Chocolate Chip & Pinwheel Christmas Butter Cookies

Småkager og jødekager 163-001

These are my favourite Christmas cookies. We’ve been making these on my mother’s side of the family for at least four generations now. They aren’t a traditional Danish Christmas cookie, but my great-grandmother got the recipe in a Christmas baking leaflet (my mum still has the leaflet, it’s very old and falling apart). And we’ve been making them ever since, every Christmas. I can’t recall a single Christmas without them.

They’re very, very buttery, and the recipe makes for a LOT of cookies. Last year I only made the chocolate chip variant, because everyone prefers them (they are really yummy) and they’re a lot quicker and simpler to make, but the pinwheel ones are just so darn festive to look at, I feel like I need to make at least one small batch each year. It’s tradition.

My mum and my aunt prefer them quite crisp and brown, whilst most everyone else prefers them just slightly golden and crispy, but still a little soft. So I usually make a ‘burnt’ batch just for my mum, and keep them in a separate tin 😉

This recipe makes for about 170 cookies. You don’t have to bake them all at once, the dough keeps very well in the fridge. I usually make the dough, roll it into logs, and keep it covered in the fridge for about a week (sometimes even a tiny bit more), baking a couple of trays every few days.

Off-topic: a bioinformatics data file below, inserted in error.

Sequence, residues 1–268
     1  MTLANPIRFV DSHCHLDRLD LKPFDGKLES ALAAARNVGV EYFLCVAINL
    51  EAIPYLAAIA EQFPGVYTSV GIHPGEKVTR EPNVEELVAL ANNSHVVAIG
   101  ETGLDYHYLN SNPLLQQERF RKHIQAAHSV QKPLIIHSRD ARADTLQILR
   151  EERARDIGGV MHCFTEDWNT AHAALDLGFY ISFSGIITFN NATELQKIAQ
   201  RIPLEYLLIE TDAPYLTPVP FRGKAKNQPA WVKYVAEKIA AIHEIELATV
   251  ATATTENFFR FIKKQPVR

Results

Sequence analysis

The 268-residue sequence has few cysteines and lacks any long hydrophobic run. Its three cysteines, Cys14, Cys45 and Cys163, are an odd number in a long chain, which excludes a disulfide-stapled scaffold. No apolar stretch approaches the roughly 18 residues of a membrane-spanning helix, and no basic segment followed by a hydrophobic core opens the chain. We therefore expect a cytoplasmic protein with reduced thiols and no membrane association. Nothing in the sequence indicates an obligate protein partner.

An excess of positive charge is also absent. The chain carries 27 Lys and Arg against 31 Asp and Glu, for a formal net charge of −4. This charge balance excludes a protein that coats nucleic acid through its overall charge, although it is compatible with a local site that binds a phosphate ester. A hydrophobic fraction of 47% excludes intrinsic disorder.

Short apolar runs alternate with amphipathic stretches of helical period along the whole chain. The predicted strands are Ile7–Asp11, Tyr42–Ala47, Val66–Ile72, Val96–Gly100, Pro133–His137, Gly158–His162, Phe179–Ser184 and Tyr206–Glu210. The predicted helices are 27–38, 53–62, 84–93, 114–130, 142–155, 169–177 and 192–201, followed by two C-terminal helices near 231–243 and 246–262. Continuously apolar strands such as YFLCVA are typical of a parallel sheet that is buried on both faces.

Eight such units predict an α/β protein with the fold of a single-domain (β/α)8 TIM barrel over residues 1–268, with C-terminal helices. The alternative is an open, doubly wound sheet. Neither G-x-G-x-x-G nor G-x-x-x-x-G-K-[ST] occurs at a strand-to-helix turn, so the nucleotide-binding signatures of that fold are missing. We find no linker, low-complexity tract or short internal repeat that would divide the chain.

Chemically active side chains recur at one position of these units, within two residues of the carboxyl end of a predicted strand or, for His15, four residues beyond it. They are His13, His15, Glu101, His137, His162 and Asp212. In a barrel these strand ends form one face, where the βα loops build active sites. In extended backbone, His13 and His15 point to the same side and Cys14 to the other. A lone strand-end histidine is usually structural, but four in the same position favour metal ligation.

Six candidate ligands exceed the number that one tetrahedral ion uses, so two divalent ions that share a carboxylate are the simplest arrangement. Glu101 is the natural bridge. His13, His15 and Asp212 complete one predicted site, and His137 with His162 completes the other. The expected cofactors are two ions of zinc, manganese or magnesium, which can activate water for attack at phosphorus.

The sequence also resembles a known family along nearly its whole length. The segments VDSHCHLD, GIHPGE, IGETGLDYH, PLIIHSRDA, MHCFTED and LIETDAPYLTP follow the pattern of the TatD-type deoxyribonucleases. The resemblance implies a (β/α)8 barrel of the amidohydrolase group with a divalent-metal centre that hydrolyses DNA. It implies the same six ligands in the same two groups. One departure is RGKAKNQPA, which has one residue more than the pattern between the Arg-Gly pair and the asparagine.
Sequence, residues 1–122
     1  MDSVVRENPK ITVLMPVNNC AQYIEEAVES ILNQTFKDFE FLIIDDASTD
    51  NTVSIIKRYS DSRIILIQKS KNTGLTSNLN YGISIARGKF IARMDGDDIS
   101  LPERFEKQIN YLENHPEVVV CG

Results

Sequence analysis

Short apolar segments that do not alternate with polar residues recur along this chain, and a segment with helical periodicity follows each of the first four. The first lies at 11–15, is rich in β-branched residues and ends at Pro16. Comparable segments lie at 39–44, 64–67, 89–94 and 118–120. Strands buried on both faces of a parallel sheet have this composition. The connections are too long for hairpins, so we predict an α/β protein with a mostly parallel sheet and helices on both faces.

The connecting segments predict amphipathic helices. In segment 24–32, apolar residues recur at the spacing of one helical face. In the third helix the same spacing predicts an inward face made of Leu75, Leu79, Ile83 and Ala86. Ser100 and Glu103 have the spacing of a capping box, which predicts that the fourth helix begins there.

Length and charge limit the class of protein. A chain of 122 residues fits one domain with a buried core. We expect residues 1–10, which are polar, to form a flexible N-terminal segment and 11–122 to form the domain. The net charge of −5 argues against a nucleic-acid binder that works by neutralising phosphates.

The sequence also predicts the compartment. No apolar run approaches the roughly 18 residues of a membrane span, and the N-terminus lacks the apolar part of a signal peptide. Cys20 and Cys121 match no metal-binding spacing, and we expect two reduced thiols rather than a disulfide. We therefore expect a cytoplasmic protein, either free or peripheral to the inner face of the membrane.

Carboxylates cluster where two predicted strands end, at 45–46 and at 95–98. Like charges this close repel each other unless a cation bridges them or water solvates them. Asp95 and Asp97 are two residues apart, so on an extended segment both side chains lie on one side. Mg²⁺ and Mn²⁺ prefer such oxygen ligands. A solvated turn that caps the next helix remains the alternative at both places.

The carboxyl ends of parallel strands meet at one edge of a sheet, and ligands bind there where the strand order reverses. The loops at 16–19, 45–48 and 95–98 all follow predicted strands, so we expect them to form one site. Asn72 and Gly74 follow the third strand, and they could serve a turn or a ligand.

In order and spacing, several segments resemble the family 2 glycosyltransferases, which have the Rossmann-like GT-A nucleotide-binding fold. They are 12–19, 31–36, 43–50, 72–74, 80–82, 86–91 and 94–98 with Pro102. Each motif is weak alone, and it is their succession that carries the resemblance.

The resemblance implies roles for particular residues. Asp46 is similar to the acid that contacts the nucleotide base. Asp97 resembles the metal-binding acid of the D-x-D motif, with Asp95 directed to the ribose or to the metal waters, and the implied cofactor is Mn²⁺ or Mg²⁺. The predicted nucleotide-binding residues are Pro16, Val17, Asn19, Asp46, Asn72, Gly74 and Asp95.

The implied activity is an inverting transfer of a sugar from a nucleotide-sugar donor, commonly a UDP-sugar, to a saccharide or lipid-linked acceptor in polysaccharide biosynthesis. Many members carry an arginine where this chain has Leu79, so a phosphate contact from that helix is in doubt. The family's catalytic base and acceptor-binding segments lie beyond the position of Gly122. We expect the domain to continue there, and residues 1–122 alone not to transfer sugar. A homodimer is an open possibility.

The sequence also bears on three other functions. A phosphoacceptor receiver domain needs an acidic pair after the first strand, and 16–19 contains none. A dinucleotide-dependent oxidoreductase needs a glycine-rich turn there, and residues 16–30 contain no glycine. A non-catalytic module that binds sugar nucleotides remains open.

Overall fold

You can, of course, half the amount of ingredients, if you don’t want this many, but I find that I always end up giving some away when I go to people’s houses around Christmas, and we’re a big family anyways, so eating them all usually isn’t a problem. Besides, these are the amounts listed in the original Christmas leaflet, and who am I to monkey with tradition.

Alright, you will need:

  • 1 kg (8 cups) flour
  • 750 g (3 1/3 cups) butter, cold
  • 375 g (about 1 3/4 cups plus 2 tbsp) sugar (I use raw cane sugar)
  • 2 tsp vanilla extract or vanilla sugar
  • 2 eggs
  • 225 g (8 ounces) dark chocolate (or 340 g/12 ounces, if making just the chocolate chip kind)
  • 3 tbsp unsweetened cocoa powder (if making the pinwheel variety)
  • 1 egg, beaten, for brushing over cookies

Take the largest bowl you have. You’ll need a seriously big bowl for this amount of flour and butter. Chop your cold butter into smaller bits, then rub into the flour until you have something resembling coarse breadcrumbs.

Småkager og jødekager 026-001Småkager og jødekager 042

Stir in the sugar, then the vanilla. Add the eggs and mix them into the flour-mixture a bit with your fingers, then start to gently press together your dough. Don’t worry if it seems too wet/buttery, it will come together quite nicely if you just keep pressing the dough together gently with your hands, for a few minutes.

Småkager og jødekager 054Småkager og jødekager 057Småkager og jødekager 060Småkager og jødekager 061

If you’re making the pinwheel cookies, slice the dough into three roughly equal slices in the bowl. If you want to make only chocolate chip ones, skip on ahead.

For the pinwheel cookies:

Take 1/3 of the dough. Divide it in half, one half slightly bigger than the other. In a small bowl, add three tbsp of cocoa powder to the smaller half of dough, mushing it into the dough with your fingers until it is all absorbed.

Småkager og jødekager 069Småkager og jødekager 075

On a lightly floured surface, roll out your white dough into a rectangle, about 40 x 25 cm. Brush with beaten egg.